Susan Faludi on the Web
- Faludi, Susan. Backlash: The Undeclared War Against American
- A terse review of Faludi's Backlash, appearing
below, which rapidly propagated throughout the net, including the
soc.feminism newsgroup FAQ,
the home pages of various people and on other feminist reference sites.
Note: I did not find Backlash to be in any way unsympathetic
to any choices a woman must make.
Gives an overview of the reaction to feminism in America today. It
is an incredible compendium of incorrect facts, bogus statistics,
false logic and unfounded theories, all of which which are presented
by society and the media in particular as "true" and "factual" in
order to keep women subordinate. One caveat about this book is that
the author seems unsympathetic to the difficult choices a woman must
make if she wants to combine career and family.
- Another review of Backlash, this one lengthy, full-bodied.
The singling out of one gender in the article's title, MYTHS THAT
MEN (AND MEDIA) LIVE BY is not supported by the work being reviewed.
It is quite clear in Faludi's research that women live by these myths
as well. The reviewer writes,
"I came away from Backlash: The Undeclared War Against American
Women feeling not only that it should be required reading for all
Americans, but that every representative of any media organization
in the country should be locked in a room until he or she has finished
the last page"
- Less a review of Backlash than a quick summarization
of it in comparison to Marilyn French's The
War Against Women. The Reviewer writes:
"Faludi is 33, French into her 50s. Together they span the
generations of women in this latest wave of feminism. This generation
gap is important; Faludi and the even younger Naomi Wolf are the angry
children of the three decades of the US women's movement. They are
the offspring of Reagan's America, an altogether more pessimistic
cohort, a lot less able to sustain dreams than were the children of
Faludi and Naomi Wolf Backlashings: The Effects on Women's Minds, Jobs
- Another quick review in the guise of promoting a speech
or seminar given by Faludi and Wolf. Says the reviewer:
"And there is also still that sense that the word "feminist" is pejorative;
the minute you declare yourself to be one, you can feel your credibility
oozing away, other women resent you for rocking the boat (can't you
see this is the way it has always been?), you are automatically part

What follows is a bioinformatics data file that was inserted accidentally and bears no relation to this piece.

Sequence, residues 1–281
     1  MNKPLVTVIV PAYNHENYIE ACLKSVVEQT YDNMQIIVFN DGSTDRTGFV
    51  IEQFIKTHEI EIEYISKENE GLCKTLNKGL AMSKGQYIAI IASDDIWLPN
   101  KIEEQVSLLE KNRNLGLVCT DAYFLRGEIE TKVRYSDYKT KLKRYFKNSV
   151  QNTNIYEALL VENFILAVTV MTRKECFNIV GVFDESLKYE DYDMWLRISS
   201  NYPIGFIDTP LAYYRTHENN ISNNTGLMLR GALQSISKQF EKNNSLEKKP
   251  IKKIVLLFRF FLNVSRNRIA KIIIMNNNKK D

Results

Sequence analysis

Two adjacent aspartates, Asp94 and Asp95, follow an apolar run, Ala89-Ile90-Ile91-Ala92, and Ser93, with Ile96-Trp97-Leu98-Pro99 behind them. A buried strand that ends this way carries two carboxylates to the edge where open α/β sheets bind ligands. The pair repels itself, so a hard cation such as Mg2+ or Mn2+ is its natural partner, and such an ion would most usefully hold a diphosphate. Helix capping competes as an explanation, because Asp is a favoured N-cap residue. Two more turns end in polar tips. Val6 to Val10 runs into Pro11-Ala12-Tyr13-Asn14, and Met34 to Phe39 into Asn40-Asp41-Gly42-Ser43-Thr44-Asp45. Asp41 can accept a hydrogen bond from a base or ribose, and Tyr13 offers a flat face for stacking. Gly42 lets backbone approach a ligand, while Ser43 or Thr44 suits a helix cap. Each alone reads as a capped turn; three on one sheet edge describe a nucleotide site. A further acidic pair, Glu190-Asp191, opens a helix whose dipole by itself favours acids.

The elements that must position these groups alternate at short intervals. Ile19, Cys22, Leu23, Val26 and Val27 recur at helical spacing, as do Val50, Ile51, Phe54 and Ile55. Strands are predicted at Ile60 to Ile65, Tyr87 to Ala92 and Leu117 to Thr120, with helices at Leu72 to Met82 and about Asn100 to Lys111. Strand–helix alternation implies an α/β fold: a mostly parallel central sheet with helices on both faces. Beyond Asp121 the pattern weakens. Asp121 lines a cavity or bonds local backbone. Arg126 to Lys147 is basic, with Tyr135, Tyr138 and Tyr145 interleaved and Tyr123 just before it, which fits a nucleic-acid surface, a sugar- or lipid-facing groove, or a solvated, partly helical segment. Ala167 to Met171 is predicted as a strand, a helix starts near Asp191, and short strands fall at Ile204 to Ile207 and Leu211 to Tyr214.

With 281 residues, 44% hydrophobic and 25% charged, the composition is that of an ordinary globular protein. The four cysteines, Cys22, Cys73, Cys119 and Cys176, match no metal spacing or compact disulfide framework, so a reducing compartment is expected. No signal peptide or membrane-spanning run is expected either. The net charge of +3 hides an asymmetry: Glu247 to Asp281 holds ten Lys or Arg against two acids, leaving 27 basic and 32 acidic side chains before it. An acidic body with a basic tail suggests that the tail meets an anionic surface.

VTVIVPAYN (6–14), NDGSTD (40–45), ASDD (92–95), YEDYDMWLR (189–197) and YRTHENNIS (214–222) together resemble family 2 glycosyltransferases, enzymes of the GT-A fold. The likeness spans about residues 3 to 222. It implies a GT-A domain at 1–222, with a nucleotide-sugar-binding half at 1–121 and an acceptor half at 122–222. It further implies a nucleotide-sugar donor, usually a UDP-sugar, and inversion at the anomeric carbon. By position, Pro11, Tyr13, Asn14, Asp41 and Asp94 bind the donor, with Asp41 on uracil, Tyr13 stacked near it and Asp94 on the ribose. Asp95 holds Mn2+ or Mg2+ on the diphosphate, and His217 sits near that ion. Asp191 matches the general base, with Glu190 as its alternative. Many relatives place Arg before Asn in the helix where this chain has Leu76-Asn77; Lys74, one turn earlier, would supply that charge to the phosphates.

of a self-fulfilling prophecy that you are doomed to a life of loneliness,
despair, barrenness and social and economic marginalization."
- Not so much a review as a brief summation of Backlash's
thesis concerning women's attitudes towards marriage and career.
Commercial media wisdom tells us single career women are desperate
for marriage but will be left on the shelf: if women choose economic
independence and professional fulfilment over marriage and child-bearing,
the cost will be dreadful -- loneliness, nervous breakdowns, the loss
of Who Stole Feminism? How Women Have Betrayed Women, by Christina Hoff
- Faludi through the 'balanced' eye of a reviewer of Hoff Sommer's
book, Who Stole Feminism.
According to the review, "Anyone who has read Susan Faludi's Backlash,
as I have, should read Who Stole Feminism? for balance.
Sommers hasn't convinced me that Faludi is completely wrong - I
don't find it unlikely that some groups, especially religious conservatives,
want to roll back the advances that women have made. But Sommers
has a sharper mind than Faludi, and more common sense. She's also
more restrained, rational, and rigorous than is Camille Paglia,
but fans of Paglia's rants will find some good fiery moments in
- Compares the significance and definition of self-esteem
as seen by Faludi and Gloria Steinem.
Both women try to sort out why the women's movement of the '60s faltered.
Why were the hard-won gains made in pay, working conditions, abortion
rights and anti-discrimination legislation gradually wound back, in
degrees, during the Reagan years?
critiques new 'revisionist feminism' during Olin lecture
- A report on the lecture, its content and the response of
At a time when the media is holding up women like Linda Tripp and
Paula Jones as feminist icons, Susan Faludi says, it's no wonder women
are wary of the feminist label.
journalist visits campus
- An announcement of Faludi's visit to the University of
Tennessee. When I first posted this page, back in 1996, this small
article offered the most depth found on the net.
"Known for her best-seller, Backlash: The Undeclared War Against
American Women, Faludi is noted for her hard-hitting reporting
style and statistical analysis. Backlash, her first book, won the
National Book Critics Circle Award in 1991."
Susan Faludi on the Nomadic Spirit
- Fueling the Bonfire.
Bat City . . . and beyond (Part I)
Bat City . . . and beyond (Part II)
- Quotes: three different ones.